Congratulations to Alexander Gates for successfully defending his dissertation entitled “The anatomical and effective structure of complex systems” on April 3rd 2017, co-supervised by Randy beer and Luis Rocha. Alex completed a dual-PhD degree in the Complex Systems track of the Informatics PhD Program as well as the Cognitive Science program at Indiana University. Alex has accepted a postdoctoral position at Northeastern University at the Center for Complex Network Research.
‘Musical Morphogenesis’ is an interactive installation that translates to sound, movement and lights the dynamics behind the development of petals in a flower. It is a collaborative piece developed by designers, architects, musicians and scientists in Luis Rocha‘s CASCI group. The control of this robotic “macroscope” is an implementation of the gene regulatory network of the Thaliana Arabidopsis flower. The installation provides a sensorial exploration of the dynamics between genes and proteins that leads to organ formation in plants, namely sepals, stamen, and petals. The genetic network provides an interactive “genetic soundtrack” that allows visitors to control the development of the plant towards its wild-type or mutant states. The installation has been on display at various museums such as the Science Museum in Lisbon, Gulbenkian Foundation, and the Belém ArtFest. This week it will be displayed at Dia D Ligações – Gulbenkian Foundation.
Network science has allowed us to understand the organization of complex systems across disciplines. However, there is a need to understand how to control them; for example, to identify strategies to revert a diseased cell to a healthy state in cancer treatment. Recent work in the field—based on linear control theory—suggests that the controllability of complex systems can be predicted solely from the graph of interactions between variables, without considering their dynamics. Such graph-based approaches have been used, for instance, to suggest that biological systems are harder to control and have appreciably different control profiles than social or technological systems. The methodology has also been increasingly used in many applications from financial to biochemical networks.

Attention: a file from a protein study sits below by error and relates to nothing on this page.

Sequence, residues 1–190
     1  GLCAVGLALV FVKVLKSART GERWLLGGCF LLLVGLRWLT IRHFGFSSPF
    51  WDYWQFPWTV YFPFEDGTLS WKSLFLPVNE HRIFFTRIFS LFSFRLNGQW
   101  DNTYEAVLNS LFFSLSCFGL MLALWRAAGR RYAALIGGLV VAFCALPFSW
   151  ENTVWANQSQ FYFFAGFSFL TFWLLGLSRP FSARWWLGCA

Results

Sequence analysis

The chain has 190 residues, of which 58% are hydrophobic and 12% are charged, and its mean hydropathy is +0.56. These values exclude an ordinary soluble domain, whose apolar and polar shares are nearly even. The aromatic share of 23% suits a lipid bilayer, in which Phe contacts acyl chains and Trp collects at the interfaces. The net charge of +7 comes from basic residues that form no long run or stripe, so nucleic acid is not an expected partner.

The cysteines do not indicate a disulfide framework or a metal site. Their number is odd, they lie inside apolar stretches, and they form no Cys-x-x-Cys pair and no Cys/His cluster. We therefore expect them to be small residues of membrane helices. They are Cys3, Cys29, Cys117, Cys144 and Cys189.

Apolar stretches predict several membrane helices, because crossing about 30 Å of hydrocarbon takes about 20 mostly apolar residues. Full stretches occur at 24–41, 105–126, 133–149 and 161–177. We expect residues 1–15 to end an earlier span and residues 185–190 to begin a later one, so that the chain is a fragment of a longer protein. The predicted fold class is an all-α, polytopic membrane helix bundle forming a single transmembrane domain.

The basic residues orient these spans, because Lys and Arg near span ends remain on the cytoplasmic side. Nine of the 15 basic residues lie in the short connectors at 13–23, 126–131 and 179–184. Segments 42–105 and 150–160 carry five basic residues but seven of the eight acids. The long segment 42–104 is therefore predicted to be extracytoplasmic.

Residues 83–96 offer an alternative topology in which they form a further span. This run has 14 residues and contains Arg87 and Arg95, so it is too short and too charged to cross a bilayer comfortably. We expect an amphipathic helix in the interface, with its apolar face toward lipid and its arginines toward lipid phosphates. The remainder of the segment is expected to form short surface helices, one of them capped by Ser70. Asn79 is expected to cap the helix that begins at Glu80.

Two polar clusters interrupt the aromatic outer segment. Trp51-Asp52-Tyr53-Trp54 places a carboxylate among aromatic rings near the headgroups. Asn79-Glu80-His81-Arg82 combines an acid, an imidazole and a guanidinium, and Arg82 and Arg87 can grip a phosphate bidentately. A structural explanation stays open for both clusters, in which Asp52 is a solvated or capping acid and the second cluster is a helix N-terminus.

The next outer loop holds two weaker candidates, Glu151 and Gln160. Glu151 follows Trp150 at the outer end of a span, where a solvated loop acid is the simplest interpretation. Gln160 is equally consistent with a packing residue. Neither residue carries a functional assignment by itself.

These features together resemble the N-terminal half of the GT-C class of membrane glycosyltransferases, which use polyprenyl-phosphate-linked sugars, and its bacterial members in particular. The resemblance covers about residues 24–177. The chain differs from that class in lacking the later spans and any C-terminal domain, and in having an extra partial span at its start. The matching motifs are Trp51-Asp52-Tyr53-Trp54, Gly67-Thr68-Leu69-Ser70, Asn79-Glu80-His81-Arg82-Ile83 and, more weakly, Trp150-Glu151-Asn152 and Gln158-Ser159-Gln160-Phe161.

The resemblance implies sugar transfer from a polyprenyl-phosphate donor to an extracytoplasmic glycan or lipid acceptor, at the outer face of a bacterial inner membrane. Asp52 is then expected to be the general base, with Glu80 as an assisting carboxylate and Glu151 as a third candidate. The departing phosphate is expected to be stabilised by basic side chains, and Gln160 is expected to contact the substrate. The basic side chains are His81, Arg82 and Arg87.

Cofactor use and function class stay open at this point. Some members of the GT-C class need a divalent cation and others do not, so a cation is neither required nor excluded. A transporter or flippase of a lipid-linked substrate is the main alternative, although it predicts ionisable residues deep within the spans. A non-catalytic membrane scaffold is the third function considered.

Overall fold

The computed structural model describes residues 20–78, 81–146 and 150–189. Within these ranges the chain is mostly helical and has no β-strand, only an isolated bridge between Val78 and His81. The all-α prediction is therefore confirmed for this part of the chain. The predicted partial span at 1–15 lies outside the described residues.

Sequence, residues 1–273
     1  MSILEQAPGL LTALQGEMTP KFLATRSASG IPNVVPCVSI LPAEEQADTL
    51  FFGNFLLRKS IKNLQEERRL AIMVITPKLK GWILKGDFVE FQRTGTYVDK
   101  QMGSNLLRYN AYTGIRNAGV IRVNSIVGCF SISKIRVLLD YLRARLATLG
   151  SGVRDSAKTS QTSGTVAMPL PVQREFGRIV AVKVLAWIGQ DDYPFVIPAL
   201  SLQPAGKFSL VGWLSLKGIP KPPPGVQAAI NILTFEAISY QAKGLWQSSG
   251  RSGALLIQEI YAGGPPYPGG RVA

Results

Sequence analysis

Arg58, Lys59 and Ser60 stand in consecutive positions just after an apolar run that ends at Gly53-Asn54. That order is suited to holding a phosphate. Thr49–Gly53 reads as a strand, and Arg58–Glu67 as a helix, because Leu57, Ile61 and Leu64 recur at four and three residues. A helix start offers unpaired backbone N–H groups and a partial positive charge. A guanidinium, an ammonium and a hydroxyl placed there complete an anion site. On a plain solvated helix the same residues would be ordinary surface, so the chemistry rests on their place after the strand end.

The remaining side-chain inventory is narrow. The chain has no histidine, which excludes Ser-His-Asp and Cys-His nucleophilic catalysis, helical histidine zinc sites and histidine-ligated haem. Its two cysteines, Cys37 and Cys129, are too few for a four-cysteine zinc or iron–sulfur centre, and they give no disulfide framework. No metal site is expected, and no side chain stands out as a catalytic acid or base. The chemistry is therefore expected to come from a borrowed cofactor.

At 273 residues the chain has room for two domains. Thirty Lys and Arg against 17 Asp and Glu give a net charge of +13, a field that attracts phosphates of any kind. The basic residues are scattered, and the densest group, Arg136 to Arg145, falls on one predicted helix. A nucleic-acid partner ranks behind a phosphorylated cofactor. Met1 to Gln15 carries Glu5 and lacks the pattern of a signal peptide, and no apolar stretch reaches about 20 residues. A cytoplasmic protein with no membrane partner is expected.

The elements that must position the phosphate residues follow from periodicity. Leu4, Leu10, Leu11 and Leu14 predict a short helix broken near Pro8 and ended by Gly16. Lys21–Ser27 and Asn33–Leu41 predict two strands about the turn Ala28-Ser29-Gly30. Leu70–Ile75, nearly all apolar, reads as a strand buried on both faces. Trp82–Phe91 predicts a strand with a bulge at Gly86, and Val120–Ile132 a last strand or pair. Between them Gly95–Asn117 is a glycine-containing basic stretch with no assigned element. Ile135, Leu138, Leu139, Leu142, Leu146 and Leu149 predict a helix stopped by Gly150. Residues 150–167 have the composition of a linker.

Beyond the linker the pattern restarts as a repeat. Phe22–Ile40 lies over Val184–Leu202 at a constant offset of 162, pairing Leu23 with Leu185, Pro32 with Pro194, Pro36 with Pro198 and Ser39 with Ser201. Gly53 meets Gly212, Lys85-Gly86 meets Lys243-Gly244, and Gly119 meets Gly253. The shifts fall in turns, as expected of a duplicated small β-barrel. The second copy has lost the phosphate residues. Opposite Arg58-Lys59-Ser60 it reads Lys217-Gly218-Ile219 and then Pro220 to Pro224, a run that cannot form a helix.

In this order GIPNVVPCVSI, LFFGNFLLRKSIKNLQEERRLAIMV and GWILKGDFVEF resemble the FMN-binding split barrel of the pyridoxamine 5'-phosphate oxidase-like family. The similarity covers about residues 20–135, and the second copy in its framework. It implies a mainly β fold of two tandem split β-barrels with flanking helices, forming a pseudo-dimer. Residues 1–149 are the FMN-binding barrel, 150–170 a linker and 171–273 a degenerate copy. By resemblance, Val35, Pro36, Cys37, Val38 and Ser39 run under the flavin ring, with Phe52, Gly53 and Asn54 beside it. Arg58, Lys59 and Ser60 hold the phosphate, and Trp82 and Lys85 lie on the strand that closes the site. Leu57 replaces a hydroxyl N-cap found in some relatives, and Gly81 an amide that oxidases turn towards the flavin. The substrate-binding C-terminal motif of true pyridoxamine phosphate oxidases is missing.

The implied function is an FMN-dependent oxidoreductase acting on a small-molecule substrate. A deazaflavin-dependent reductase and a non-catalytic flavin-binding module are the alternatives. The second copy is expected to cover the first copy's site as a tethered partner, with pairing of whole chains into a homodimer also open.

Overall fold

In work published today in Nature Scientific Reports, CNetS graduate student Alexander Gates and Professor Luis Rocha demonstrate that such graph-based methods fail to characterize controllability when dynamics are introduced. The study computed the control profiles of large ensembles of multivariate systems as well as existing Systems Biology models of biochemical regulation in various organisms.
Complex Adaptive Systems and Computational Intelligence
The Complex Adaptive Systems and Computational Intelligence (CASCI) group at Indiana University and the Instituto Gulbenkian de Ciencia works on complex networks & systems and their applications to informatics, biology, health, and social systems. We are particularly interested in the informational properties of natural and artificial systems which enable them to adapt and evolve. This means both understanding how information is fundamental for controlling the behavior and evolutionary capabilities of complex systems, as well as abstracting principles from natural systems to produce adaptive information technology.
Our research projects are on complex networks & systems, computational and systems biology, and computational intelligence; all our publications are available online as are news about our group. Additional information available on Luis Rocha’s Website and our group page at the Instituto Gulbenkian de Ciencia.
See our current roster and information on how to join our group. As a group, we are seriously interconnected with other research groups and networks: The Center for Complex Networks and Systems (CNets), the Indiana University Network Science Institute, the Cognitive Science Program, the FLAD Computational Biology Collaboratorium, the Instituto Gulbenkian de Ciência, and the Champalimaud Neuroscience Program.
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